Status on America's retirement
But savings tend to be modest.
Consider: Financial experts recommend individuals
replace at least 70 percent of their pre-retirement
income in retirement. Others set the bar higher.
When EBRI polled retirees, 55 percent said
they need income that's equal to 95 percent
of their pre-retirement income -- or more.
Nevertheless, EBRI found that,
on average, 49 percent of workers have saved
less than $25,000. Among older individuals
who are 55 or older and poised to quit working
soon, one-third has less than $25,000. A slim
minority -- 14 percent of people of all ages
-- have more than $250,000. Among those 55
or older, 29 percent have saved that much
The upshot? The Center for Retirement
Research at Boston College concludes that
more than four of 10 Americans are "at
risk" for being unable to maintain their
standard of living in retirement.
Fidelity Research Institute computes that American households have a median $22,500 in retirement savings and should receive $29,500 in Social Security. That puts them on track to replace 58 percent of their pre-retirement income after work.
That means "the typical
household will have to live on 42 percent
less income in retirement when compared to
their pre-retirement income," says Guy
Patton, executive director at Fidelity's retirement
research group. "The thing that worries
many of us is that it doesn't allow room for
Missteps among good moves
The typical 401(k) plan requires individuals to save at least 6 percent of earnings to qualify for a full match of funds from employers. Most employees surpass this benchmark, setting aside 7.9 percent of their salary. Add the typical employer match of 3 percent, according to Profit Sharing/401K Council of America (PSCA), and workers are setting aside a bit more than 10 percent of earnings.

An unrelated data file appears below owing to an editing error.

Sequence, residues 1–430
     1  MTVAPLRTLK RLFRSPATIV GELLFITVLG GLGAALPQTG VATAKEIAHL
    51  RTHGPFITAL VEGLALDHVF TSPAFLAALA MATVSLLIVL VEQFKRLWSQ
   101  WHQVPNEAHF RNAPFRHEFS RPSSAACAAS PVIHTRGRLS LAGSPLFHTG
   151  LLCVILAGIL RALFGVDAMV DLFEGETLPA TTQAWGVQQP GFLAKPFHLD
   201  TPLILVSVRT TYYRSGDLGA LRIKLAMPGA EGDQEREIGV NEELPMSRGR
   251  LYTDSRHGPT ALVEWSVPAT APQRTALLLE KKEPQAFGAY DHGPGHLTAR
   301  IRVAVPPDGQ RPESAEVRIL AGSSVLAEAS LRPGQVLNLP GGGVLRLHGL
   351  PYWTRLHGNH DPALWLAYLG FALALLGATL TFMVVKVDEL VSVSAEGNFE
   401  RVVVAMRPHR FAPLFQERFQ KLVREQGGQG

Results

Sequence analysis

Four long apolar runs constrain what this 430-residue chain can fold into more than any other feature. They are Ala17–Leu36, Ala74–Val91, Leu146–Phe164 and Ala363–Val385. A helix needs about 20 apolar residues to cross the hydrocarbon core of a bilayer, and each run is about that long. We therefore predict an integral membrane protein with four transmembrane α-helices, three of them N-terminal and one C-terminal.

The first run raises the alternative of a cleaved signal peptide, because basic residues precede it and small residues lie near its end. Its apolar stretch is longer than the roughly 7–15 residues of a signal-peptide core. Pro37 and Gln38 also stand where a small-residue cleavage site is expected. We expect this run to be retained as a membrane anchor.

Yet, 22 percent of those who
contribute to a 401(k) fail to
save enough to qualify for a full match from
their employers, Hewitt found. And nearly
half of low-wage workers and 37 percent of
employees in their 20s left this free money
on the table.
Ironically, the growth in automatic
enrollment could be partly to blame. It's
currently offered in nearly 17 percent of
plans, according to ICI. And roughly seven
of 10 workers favor automatic enrollment into 401(k)s because it ensures people
get signed onto saving, EBRI found. Conversely,
the so-called "default" savings
rates -- which now average 3 percent, according
to PSCA -- can be set below the typical 6
percent threshold to qualify for matching